Chico Olympian adjusts to her newfound celebrity

Olympian Emily Azevedo is getting used to being thanked by strangers. Now back in Chico, she’s approached often by folks wanting to congratulate her for her achievements.

Olympian Emily Azevedo is getting used to being thanked by strangers. Now back in Chico, she’s approached often by folks wanting to congratulate her for her achievements.

Photo By christine g.k. lapado

Emily Azevedo had done maybe five interviews prior to last September, when she was preparing to leave Chico for Lake Placid, N.Y., to pursue her dream of becoming an Olympic bobsledder.

Azevedo, as we know, did make the U. S. Olympic bobsled team. She and teammate Bree Schaaf—both participating in their first Olympics—led the USA III sled in February’s Winter Games to fifth place out of 21 sleds.

And Azevedo, who has made the United States’ World Cup bobsled team four years running since 2006, has done a whole lot more interviews—about 40, by her estimation—since becoming an Olympian.

“You go through the media line after you slide, and there’s all these people—[such as] AP people, USA Today,” said the pretty, brown-haired 26-year-old. “Every day I slid or trained I had an interview.

“The weird ones are the ones when they try to throw you off your game and ask you questions that aren’t in the regular repertoire,” offered Azevedo—like one radio station interviewer who asked her questions about her underwear (after Scottish bobsledder Gillian Cooke accidentally split open the back of her pants at the start of a run during the World Championships in January).

The former Chico High and UC Davis track star sipped a warm, chocolaty drink called a Godiva at an outdoor table at Bidwell Perk on her fifth day of being back home from Vancouver as she chatted—and graciously stood up to acknowledge the many passersby who recognized her and wanted to offer their congratulations.

“It’s the famous woman!” exclaimed an older couple who stopped at Azevedo’s table on the way to their car. “We watched you on TV!”

After being thanked by the pair, and finding that she had graduated from Chico High School with their grandson, Azevedo sat back down, and said in a slightly hushed voice, “I didn’t expect it—all this publicity.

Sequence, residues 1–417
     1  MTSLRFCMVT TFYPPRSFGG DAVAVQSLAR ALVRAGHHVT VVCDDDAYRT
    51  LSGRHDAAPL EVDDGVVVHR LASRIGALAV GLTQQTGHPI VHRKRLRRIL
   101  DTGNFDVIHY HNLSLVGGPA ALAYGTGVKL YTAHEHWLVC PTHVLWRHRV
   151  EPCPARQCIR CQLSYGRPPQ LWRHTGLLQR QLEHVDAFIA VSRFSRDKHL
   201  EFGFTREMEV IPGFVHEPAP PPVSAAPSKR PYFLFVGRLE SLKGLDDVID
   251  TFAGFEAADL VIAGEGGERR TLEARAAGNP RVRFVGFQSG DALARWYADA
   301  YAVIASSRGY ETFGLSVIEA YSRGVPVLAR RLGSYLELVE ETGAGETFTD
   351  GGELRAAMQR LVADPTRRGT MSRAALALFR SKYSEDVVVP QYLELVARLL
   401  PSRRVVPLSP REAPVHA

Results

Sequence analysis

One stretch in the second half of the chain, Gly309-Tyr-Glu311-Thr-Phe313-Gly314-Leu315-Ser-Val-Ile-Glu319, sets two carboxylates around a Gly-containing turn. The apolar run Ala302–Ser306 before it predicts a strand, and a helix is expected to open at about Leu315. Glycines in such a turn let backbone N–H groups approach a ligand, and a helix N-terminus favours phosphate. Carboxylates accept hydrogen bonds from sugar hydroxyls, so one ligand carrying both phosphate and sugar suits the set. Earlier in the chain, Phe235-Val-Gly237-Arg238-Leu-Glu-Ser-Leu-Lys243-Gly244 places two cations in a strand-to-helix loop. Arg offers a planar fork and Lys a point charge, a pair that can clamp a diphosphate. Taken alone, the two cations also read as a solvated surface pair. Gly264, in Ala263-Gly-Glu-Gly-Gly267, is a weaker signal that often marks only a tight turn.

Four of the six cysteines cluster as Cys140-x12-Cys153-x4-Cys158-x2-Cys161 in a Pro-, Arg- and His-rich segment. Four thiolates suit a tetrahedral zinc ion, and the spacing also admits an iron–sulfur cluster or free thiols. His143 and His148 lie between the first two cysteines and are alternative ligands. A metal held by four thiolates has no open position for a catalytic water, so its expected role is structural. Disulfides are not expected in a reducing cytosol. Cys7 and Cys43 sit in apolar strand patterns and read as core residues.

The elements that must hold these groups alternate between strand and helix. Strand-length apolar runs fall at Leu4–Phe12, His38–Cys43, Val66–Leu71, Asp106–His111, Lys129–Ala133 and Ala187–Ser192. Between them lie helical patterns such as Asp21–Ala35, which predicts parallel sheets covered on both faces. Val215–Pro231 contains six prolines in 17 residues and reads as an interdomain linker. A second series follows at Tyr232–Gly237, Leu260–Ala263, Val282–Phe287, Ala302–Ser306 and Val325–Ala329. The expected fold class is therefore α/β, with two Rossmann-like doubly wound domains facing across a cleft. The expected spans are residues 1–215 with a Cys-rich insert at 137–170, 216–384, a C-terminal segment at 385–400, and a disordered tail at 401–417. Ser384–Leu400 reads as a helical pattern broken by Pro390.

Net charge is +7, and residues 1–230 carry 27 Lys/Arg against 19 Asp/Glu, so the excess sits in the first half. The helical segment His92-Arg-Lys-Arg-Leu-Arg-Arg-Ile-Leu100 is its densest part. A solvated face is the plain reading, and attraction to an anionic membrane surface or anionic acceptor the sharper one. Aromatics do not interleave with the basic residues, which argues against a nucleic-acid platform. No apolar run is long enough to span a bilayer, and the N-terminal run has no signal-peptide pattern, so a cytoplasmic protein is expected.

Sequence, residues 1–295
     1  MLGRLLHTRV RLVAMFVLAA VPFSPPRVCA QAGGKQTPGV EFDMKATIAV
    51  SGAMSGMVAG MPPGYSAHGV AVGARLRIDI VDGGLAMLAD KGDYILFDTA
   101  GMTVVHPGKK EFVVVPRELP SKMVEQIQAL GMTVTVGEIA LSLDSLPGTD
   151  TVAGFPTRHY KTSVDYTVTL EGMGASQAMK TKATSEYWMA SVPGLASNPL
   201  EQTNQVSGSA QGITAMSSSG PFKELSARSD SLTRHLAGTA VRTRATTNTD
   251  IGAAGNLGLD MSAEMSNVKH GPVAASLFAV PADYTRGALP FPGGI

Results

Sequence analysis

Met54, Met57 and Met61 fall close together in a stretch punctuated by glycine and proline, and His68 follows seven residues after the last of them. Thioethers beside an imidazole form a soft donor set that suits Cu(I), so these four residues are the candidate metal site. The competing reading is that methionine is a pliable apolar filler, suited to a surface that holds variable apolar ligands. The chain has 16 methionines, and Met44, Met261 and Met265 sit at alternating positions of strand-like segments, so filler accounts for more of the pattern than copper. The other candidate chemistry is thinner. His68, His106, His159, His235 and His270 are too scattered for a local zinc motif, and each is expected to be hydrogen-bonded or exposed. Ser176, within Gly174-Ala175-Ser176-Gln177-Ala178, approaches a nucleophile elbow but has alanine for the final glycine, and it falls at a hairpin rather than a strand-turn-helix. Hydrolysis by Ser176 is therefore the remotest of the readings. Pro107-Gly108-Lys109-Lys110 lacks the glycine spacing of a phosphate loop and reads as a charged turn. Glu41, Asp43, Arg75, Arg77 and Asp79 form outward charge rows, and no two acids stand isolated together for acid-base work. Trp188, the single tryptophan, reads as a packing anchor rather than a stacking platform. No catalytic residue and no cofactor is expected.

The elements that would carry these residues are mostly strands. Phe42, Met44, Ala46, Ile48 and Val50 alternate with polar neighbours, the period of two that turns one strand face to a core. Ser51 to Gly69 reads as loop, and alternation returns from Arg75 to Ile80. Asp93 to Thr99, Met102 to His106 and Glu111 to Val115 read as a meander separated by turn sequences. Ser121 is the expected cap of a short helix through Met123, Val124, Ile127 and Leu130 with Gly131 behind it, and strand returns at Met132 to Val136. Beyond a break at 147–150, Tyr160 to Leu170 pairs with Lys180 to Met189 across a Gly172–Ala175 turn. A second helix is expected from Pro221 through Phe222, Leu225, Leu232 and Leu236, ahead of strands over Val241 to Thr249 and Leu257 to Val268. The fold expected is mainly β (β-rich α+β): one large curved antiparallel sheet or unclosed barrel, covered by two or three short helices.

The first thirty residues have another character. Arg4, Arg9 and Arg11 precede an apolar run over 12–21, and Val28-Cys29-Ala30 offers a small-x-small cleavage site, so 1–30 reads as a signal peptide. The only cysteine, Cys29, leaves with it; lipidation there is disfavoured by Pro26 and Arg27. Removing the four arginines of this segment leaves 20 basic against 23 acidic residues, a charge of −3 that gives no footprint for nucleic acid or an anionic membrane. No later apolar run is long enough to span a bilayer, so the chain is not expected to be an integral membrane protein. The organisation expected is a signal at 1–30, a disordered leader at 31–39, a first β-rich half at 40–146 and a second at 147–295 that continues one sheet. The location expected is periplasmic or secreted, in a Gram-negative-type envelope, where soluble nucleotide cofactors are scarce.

“That’s been happening all the time [since I’ve been back in Chico]—people thank me,” she continued. “Someone came to the airport the other day when I came in and just said, ‘Thank you very much.’ … It’s like if I were…working at Bidwell Perk forever and ever making coffee and one day people started saying, ‘Thank you.’ Like you’ve been making great coffee every day, and one day people start applauding and saying, ‘Thank you very much.’

“When I first went to the post office the other day after I got back [from Vancouver],” she continued, “and I thought I was just going to the post office, all of a sudden people were turning and staring and saying, ‘Congratulations!’”

Azevedo—who is the first Chicoan ever to take part in the Winter Olympics—is getting used to her new fame, though.

“When you’re a child and you watch the Olympics, you’re awestruck when they win medals,” she said. “At the Olympics, I watched my friends win medals. It was just normal—those are my friends. … But don’t get me wrong, I’ll gladly accept the responsibility of being an inspiration for Chicoans.”

Since she’s been home, Azevedo has been checking in with folks at her former stomping grounds—such as visiting gymnastics students at Athletic Horizons, where she studied gymnastics as a child, and stopping by Chico High to say hi to her former teachers.

As for the 2014 Winter Olympics in Sochi, Russia, Azevedo is going to take it one step at a time, focusing on training for the upcoming World Cup season, which begins in October.

“It’s like the 400-meter hurdles race I used to do at college,” she explained. “If I thought, ‘My gosh, I have to jump over 10 hurdles as fast as I can for 400 meters,’ it’s gonna be tough, it’s gonna be long. But if you think of it one hurdle at a time…”

“Are you Emily Azevedo?” asked a woman walking past her table. “Thank you! We’re so proud of you!”

“See?” said Azevedo. “She said, ‘Thank you!’”